Seafood Handbook Shellfish Page

The Seafood Handbook is the most comprehensive seafood directory available online. Featuring more than 100 of the most common seafood species in the U.S. market, the Seafood Handbook is the ultimate guide to seafood sourcing and preparation, brought to you by the editors of SeaFood Business magazine. And it’s free!

Search by finfish or shellfish, or by geographic region. For each type of seafood species, there is a comprehensive overview of the item, its origin, history, availability, product attributes, nutritional value and cooking tips, along with an original hand-drawn depiction.

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A variety of shrimp similar to Pacific or Gulf whites, Chinese whites are harvested from farm ponds and wild-caught by trawlers, mainly in the Yellow Sea and East China Sea and along the Korean coast. Chinese whites can grow to more than 7 inches. The most commonly used name for these shrimp is… Read More
These clams are rarely sold by the name “hardshell” or “quahog,” but instead are sold by names reflecting size (1 1/2 to 5 inches), from  littlenecks to cherrystones, topnecks and chowders. On the West Coast, Manila clams and Washington steamer clams are sometimes called littlenecks,… Read More
Don’t confuse this large, warmwater gastropod with the East Coast whelk, also colloquially called conch. From the family Strombidae, the queen conch (pronounced “conk”) is found primarily in the Caribbean, where it uses a muscular foot to drag itself along the ocean floor. Once abundant,… Read More
The Dungeness crab reportedly takes its name from a small fishing village on the Strait of Juan de Fuca in Washington state. It’s also known as “San Francisco Crab,” since the species has been harvested off that city since 1848. Dungeness are commonly sold live, fresh or frozen as whole… Read More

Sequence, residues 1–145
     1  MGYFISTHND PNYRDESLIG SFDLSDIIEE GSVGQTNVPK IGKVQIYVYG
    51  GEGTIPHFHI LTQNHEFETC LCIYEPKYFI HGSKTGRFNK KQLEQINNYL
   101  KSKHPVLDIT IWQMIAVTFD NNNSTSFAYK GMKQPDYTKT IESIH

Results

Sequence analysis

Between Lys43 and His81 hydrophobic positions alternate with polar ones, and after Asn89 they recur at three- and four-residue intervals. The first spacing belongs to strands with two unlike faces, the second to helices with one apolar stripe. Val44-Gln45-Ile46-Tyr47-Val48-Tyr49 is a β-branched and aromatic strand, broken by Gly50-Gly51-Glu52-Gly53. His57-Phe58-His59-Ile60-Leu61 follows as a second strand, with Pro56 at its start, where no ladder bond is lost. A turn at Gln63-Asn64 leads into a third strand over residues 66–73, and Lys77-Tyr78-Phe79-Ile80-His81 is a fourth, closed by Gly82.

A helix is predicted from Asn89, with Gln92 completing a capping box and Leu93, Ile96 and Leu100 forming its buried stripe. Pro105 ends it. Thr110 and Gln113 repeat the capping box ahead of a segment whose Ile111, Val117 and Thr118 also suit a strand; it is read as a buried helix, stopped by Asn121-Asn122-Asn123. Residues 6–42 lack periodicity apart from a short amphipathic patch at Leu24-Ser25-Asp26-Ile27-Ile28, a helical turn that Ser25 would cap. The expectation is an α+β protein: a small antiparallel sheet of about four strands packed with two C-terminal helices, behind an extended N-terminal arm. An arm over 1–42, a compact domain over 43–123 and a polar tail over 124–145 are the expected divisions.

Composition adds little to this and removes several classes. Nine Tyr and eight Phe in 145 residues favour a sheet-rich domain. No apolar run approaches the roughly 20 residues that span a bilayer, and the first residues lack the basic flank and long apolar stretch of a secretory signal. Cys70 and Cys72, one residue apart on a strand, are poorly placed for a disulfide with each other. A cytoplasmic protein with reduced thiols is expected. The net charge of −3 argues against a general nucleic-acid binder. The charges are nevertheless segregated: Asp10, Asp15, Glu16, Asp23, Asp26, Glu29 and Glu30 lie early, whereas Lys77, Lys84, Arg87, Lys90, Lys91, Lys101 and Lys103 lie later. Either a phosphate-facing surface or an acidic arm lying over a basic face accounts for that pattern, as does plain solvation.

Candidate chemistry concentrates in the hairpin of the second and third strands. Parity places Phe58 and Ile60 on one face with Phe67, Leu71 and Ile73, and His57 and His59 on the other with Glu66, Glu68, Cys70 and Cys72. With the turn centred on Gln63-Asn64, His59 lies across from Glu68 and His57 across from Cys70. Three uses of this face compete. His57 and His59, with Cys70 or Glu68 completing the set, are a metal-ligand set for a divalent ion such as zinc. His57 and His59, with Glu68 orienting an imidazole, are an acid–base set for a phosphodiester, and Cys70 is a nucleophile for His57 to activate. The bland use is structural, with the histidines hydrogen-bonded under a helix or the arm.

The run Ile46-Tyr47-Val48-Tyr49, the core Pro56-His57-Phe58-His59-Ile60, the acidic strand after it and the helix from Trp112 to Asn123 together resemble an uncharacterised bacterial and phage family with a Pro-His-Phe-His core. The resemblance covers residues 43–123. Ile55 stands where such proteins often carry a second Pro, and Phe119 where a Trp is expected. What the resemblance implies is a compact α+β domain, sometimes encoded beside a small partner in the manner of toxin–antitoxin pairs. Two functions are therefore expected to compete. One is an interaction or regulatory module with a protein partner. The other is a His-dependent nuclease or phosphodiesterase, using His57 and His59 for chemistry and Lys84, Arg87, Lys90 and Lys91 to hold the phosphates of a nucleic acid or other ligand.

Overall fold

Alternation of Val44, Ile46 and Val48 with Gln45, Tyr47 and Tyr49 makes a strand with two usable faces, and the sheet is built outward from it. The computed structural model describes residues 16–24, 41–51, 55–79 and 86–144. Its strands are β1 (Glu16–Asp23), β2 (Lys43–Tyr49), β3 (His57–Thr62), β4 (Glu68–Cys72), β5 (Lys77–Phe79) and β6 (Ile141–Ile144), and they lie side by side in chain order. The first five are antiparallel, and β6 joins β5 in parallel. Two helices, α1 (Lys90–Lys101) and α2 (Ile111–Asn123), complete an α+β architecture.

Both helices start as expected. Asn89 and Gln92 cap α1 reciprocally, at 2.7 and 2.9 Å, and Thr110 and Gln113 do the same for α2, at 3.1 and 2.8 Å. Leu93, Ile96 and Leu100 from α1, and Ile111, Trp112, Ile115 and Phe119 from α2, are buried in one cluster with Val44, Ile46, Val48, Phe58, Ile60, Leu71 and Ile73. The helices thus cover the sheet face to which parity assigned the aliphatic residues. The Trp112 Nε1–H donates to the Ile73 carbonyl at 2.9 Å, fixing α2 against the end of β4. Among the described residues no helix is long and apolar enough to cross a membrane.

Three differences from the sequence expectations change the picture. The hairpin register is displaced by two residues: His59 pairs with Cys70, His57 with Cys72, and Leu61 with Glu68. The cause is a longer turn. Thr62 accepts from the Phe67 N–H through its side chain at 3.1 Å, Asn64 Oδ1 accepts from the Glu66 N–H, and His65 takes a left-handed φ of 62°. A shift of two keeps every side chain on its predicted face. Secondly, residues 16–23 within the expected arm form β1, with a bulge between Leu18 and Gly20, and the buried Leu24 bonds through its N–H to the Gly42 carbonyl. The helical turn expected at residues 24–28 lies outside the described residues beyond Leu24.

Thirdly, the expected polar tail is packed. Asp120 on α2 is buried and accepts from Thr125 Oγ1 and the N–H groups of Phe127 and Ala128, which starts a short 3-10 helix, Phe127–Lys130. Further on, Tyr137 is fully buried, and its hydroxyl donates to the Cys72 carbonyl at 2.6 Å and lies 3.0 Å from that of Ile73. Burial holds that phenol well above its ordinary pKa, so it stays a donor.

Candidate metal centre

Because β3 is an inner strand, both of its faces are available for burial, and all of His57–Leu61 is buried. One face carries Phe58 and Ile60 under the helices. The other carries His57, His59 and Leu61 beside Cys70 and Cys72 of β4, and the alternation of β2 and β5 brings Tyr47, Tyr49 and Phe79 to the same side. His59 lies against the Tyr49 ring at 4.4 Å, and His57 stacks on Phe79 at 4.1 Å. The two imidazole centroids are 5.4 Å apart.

Once considered “trap trash” (unwanted bycatch in the lobster fishery), the peekytoe crab has become coveted table treasure, thanks to a Maine seafood entrepreneur’s clever marketing campaign and the species’ delicate, sweet flavor. Known in Down East Maine dialect as “picket toe” or… Read More
This species supports the largest scallop fishery in the world. Sea scallops are dredged year-round from Labrador to New Jersey. Since sea scallops die out of water, they are always shucked at sea and kept on ice, if not frozen aboard. The meat counts range from 20 to 40 per pound. New Bedford,… Read More
The geoduck (pronounced “gooey duck”) is the largest burrowing clam in the world and one of the longest-lived animals, sometimes living more than 100 years. Its name reportedly comes from the Nisqually Indian term “gwe-duk,” which means “dig deep.” The Chinese call it “elephant trunk… Read More
Not long ago, Jonah crabs were considered little more than a nuisance by lobstermen off New England and the Canadian Maritimes, who routinely tossed the crustaceans back when they came up in lobster traps. But in the 1990s, as demand for an alternative to established and costly crab species grew,… Read More
Squid are cephalopods, a word meaning “head foot.” They are a close relative of the octopus and a distant relative of bivalve mollusks. More than 300 species inhabit the world’s oceans, but fewer than a dozen comprise 90 percent of the global catch; of them, three comprise the domestic suppy.… Read More
Related to cuttlefish and squid, octopus are cephalopods, or “head-footed,” referring to the eight “legs” that sprout from their head. They also have a parrot-like beak for crushing prey such as abalone, crab and lobster. There are more than 140 species in temperate and tropical waters… Read More